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Circumstances sometimes do not allow us to test for HardyWeinberg proportions. In the case of a dominant trait, for example, allelic frequencies cannot be calculated from the genotypic classes because the homozygous dominant individuals cannot be distinguished from the heterozygotes. However, we can estimate allelic frequencies by assuming that the Hardy-Weinberg equilibrium exists and, thereby, assuming that the frequency of the recessive homozygote is q2, from which q and then p can be estimated. If, for example, Hardy-Weinberg equilibrium is assumed for a disease such as phenylketonuria (PKU), which is expressed only in the homozygous recessive state, it is possible to calculate the proportion of the population that is heterozygous (carriers of the PKU allele). But is it fair to assume Hardy-Weinberg equilibrium here Until recent medical advances allowed intervention, there was a good deal of selection against individuals with PKU, who were usually mentally retarded. Thus the assumption of no selection, required for equilibrium, is violated. However, only one child in ten thousand live births has PKU. When a genotype is as rare as one in ten thousand, selection has a negligible effect on allelic frequencies. Therefore, because of the rarity of the trait, we can assume Hardy-Weinberg equilibrium and calculate frequency of recessive homozygote 1 10,000 so, q and p Therefore, frequency of normal homozygote 0.98 or 98 in 100 frequency of heterozygote 2(0.01) (0.99) 2pq p2 (0.99)2 1 q 0.99 0.0001 0.01 0.0001 q2
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By assuming the Hardy-Weinberg equilibrium, we have discovered something not intuitively obvious: A recessive gene causing a trait as rare as one in ten thousand is carried in the heterozygous state by one individual in fty. Obviously, the chi-square test cannot be used to verify the Hardy-Weinberg proportions since we derived the allelic frequencies by assuming HardyWeinberg proportions to begin with. In statistical terms, the number of phenotypes minus the number of alleles 2 2 0 degrees of freedom, which precludes doing a chi-square test.
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EXTENSIONS OF HARDYWEINBERG EQUILIBRIUM
The Hardy-Weinberg equilibrium can be extended to include, among other cases, multiple alleles and multiple loci.
Multiple Alleles
Multinomial Expansion
The expected genotypic array under Hardy-Weinberg equilibrium is p2, 2pq, and q2, which form the terms of the binomial expansion ( p q)2. If males and females each have the same two alleles in the proportions of p and q, then genotypes will be distributed as a binomial expansion in the frequencies p2, 2pq, and q2 (see g. 19.1). To generalize to more than two alleles, one need only add terms to the binomial expansion and thus create a multinomial expansion. For example, with alleles a, b, and c with frequencies p, q, and r, the genotypic distribution should be ( p q r)2, or p2 q2 r2 2pq 2pr 2qr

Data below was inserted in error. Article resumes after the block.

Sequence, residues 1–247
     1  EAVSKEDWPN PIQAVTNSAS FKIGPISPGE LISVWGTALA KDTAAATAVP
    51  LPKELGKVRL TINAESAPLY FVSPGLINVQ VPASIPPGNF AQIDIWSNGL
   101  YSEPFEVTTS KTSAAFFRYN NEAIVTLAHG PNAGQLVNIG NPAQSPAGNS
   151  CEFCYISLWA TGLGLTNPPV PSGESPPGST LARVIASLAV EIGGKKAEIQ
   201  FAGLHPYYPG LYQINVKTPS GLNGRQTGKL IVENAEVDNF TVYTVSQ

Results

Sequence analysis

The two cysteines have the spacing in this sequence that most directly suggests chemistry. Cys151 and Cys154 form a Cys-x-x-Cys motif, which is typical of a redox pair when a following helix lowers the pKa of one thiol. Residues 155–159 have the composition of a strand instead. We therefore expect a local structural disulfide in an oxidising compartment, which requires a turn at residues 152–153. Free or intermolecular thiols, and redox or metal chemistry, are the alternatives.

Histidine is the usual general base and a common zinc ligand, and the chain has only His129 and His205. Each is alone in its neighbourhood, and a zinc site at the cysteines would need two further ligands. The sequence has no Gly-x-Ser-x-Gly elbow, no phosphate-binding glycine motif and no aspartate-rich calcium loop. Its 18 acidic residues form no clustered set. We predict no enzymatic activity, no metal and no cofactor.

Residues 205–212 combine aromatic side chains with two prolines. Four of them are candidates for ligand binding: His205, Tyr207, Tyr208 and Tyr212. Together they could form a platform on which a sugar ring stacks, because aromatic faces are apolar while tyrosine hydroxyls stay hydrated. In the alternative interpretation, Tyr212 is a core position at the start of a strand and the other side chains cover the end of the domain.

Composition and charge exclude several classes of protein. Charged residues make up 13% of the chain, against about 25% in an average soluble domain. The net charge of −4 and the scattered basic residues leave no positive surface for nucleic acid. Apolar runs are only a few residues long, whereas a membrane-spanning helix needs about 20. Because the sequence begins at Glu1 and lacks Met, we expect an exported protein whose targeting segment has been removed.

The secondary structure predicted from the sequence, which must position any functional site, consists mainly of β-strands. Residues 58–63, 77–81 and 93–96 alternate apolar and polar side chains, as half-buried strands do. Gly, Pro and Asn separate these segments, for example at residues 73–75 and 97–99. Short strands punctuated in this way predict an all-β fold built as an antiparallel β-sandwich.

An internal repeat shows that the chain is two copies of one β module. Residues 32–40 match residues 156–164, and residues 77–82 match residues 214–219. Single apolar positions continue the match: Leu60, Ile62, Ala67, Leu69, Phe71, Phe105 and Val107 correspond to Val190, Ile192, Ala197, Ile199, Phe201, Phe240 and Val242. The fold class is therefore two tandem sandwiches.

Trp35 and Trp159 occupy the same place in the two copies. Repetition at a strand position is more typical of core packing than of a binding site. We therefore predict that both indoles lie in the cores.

0.02 or 2 in 100.
Homozygotes will occur with frequencies p2, q2, and r2, and heterozygotes will occur with frequencies 2pq, 2pr, and 2qr.The ABO blood-type locus in human beings is an interesting example because it has multiple alleles and dominance.
Tamarin: Principles of Genetics, Seventh Edition
IV. Quantitative and Evolutionary Genetics
19. Population Genetics: The Hardy Weinberg Equilibrium and Mating Systems
The McGraw Hill Companies, 2001
Extensions of Hardy-Weinberg Equilibrium
ABO Blood Groups
The ABO locus has three alleles: I A, I B, and i, with the I A and I B alleles codominant, and both dominant to the i allele. These alleles control the production of a surface antigen on red blood cells (see g. 2.13). Table 19.4 contains blood-type data from a sample of five hundred persons from Massachusetts. Is the population in Hardy-Weinberg proportions The answer is not apparent from the data in table 19.4 alone, since there are two possible genotypes for both the A and the B phenotypes. No estimate of the allelic frequencies is possible without making assumptions about the number of each genotype within these two phenotypic classes. Is it possible to estimate the allelic frequencies The answer is yes, if we assume that Hardy-Weinberg equilibrium exists. One procedure follows. Let us assume that p f(I A), q f(I B), and r f(i). Blood type O has the ii genotype; if the population is in Hardy-Weinberg proportions, this genotype should occur at a frequency of r2. Thus f(ii) and r f(i) 0.462 0.680 231 500 0.462 r2
The frequency of allele I B, q, can be obtained by similar logic with blood types B and O, or simply by subtraction: q 1 (p r) 1 0.927 0.073
Thus, the Hardy-Weinberg equilibrium can be extended to include multiple alleles and can be used to make estimates of the allelic frequencies in the ABO blood groups. With ABO, it is statistically feasible to do a chi-square test because there is one degree of freedom (number of phenotypes number of alleles 4 3 1). We are really testing only the AB and B categories; if we did our calculations as shown, the observed and expected values of phenotypes A and O must be equal.
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